A former Mormon and selfprofessed atheist, McKendrick says he feels guilty about making so much money selling a book he believes is fiction, but the money is too much of a draw for him to quit. McKendrick sold the La Biblia Reina Valera online for about 73, 000 in net revenue its first year and for over 100, 000 in the second. He says itJun 04, 2018 With the Bilingual Bible (Spanish English) you have access to the Bible totally offline in two languages in the same environment. So you have: spanish bible app atheist
Trevor McKendrick, an atheist from Utah, earns more than 100, 000 annually in revenue from his Spanish Bible apps A Utah man has made a sixfigure salary by selling Bible apps, but feels guilty because he is not a practicing Christian.
The show focuses on showing listeners what its like to get a business off the ground, and Trevor and his Spanish Bible App ended up being featured on the show! Alex asked Trevor what it was like being an Atheist Bible Salesman, and Trevor had a great time. Click to Tweet: [# Podcast How does an atheist Bible salesman get away with selling his company for 5X revenue? 2: 39: bare bones, open it up and read the Bible in Spanish. 3: 02: Built it on the cheap for literally 500. 3: 45: Adding features over the years. 4: 05: Switch to download for free and then had inapp purchases.spanish bible app atheist If you find yourself short of cash, perhaps consider taking a leaf out of Trevor McKendrick's (good) book he built a Spanish Bible app and now makes over 100, 000 a year. The most surprising part? He's not a Christian. In fact, he's a selfconfessed atheist. We don't believe in Christianity.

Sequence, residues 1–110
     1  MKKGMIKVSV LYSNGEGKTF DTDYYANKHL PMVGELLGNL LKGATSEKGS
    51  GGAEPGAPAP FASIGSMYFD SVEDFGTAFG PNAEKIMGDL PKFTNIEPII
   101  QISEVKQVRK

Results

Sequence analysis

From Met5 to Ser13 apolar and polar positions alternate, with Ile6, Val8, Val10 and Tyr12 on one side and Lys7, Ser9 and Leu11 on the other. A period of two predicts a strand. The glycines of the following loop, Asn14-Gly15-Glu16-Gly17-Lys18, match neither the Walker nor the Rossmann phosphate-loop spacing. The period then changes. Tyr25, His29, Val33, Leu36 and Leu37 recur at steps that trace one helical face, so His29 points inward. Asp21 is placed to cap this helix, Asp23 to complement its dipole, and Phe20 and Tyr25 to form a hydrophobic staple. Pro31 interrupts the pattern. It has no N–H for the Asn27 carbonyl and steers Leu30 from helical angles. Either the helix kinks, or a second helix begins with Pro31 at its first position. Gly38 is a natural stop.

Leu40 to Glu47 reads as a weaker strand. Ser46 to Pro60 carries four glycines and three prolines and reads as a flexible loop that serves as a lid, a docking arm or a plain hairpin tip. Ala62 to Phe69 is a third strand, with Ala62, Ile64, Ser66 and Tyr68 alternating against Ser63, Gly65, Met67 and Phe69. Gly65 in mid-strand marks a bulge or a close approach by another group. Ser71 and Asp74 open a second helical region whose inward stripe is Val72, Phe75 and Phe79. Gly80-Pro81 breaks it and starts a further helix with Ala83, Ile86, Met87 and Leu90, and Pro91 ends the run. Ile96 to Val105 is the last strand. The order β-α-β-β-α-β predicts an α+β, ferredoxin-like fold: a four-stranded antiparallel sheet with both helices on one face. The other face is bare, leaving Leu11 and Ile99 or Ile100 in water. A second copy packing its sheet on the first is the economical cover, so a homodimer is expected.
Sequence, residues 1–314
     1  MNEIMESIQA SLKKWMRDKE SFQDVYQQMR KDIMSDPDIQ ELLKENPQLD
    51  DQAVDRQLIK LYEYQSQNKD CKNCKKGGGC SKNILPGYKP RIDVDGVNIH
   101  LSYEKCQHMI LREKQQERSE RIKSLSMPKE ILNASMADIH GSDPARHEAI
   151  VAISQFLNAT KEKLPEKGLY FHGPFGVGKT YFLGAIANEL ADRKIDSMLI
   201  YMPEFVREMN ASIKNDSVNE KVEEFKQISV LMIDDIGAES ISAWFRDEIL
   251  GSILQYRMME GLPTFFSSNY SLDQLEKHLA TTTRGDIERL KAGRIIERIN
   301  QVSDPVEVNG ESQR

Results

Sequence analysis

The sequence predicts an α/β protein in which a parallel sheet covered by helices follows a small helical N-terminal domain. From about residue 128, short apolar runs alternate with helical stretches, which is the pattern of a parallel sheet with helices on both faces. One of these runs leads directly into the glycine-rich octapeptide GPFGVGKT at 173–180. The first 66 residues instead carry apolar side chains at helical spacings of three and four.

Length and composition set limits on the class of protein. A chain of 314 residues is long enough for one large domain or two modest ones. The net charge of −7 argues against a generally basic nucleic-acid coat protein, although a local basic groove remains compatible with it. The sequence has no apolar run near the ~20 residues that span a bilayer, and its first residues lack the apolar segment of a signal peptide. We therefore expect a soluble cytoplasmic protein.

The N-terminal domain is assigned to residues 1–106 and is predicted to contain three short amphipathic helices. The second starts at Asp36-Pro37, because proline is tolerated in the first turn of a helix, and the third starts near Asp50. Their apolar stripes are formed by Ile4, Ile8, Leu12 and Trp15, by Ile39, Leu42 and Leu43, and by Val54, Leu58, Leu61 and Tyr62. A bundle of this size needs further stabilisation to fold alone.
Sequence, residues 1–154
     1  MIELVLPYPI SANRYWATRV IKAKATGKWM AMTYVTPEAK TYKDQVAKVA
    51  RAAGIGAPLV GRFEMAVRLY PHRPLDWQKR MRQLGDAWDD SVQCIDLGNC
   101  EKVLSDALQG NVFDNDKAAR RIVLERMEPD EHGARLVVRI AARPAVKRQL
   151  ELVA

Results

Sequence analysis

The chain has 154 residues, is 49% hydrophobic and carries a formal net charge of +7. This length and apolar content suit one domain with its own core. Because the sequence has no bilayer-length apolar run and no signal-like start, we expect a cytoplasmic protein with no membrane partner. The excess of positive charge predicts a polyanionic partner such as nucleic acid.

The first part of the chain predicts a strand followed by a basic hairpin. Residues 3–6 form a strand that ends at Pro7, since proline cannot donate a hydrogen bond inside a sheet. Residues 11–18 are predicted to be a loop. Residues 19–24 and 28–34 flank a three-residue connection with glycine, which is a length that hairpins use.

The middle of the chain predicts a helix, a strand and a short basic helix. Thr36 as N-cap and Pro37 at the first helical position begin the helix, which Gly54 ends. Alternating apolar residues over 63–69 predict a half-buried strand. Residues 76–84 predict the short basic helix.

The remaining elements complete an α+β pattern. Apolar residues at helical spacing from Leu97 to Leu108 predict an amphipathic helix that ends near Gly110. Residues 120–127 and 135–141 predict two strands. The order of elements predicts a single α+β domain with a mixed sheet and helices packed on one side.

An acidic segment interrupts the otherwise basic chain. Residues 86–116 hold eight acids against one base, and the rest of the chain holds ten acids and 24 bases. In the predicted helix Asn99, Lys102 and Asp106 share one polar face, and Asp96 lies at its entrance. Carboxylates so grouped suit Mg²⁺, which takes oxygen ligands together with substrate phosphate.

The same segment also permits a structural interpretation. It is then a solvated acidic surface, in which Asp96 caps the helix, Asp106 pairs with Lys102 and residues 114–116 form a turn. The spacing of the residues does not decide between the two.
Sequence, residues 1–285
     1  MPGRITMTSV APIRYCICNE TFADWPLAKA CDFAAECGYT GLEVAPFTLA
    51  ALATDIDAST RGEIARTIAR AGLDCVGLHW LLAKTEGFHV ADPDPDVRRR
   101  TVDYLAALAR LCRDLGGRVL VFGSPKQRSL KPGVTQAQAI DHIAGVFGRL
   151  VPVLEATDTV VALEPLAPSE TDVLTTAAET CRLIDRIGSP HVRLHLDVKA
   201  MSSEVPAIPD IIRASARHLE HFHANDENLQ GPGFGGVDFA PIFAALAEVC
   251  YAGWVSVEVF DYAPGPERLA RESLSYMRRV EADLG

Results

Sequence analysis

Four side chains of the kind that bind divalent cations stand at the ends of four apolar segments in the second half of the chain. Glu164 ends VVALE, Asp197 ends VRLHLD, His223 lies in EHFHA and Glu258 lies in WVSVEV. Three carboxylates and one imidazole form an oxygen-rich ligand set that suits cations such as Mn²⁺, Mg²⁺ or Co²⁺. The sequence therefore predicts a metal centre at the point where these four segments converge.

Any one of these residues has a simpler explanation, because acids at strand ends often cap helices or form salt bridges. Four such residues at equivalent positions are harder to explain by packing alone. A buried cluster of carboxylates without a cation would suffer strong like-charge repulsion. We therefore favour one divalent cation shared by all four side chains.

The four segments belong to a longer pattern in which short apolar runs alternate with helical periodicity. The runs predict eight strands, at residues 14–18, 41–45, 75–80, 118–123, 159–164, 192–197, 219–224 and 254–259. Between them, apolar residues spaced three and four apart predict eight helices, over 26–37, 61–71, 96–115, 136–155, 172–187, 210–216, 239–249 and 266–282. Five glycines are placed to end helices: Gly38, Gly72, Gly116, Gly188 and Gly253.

Former Mormonturnedatheist Trevor McKendrick was a guest on Alex Blumberg's Start Up podcast and explained how the Spanish Bible app that he created in 2012 has generated more income than he ever imagined. spanish bible app atheist I am selling this thing I truly believe is fiction, says developer. McKendrick was raised as a Mormon, but left the faith. McKendricks apps are Spanish translations of the Bible. One is a text version that is free to download and offers inapp purchases. The other is a Spanish audiobook of the Bible that sells for 9. 99 on the Apple app store. He credits his success to the audiobook app. It was released a few months after the textbased app and has been more lucrative. He found a couple of apps that exactly fit the bill. It turned out that there were a few Spanish Bible apps that were terrible, McKendrick told host Alex Blumberg in a recent episode of Blumberg's great podcast, StartUp.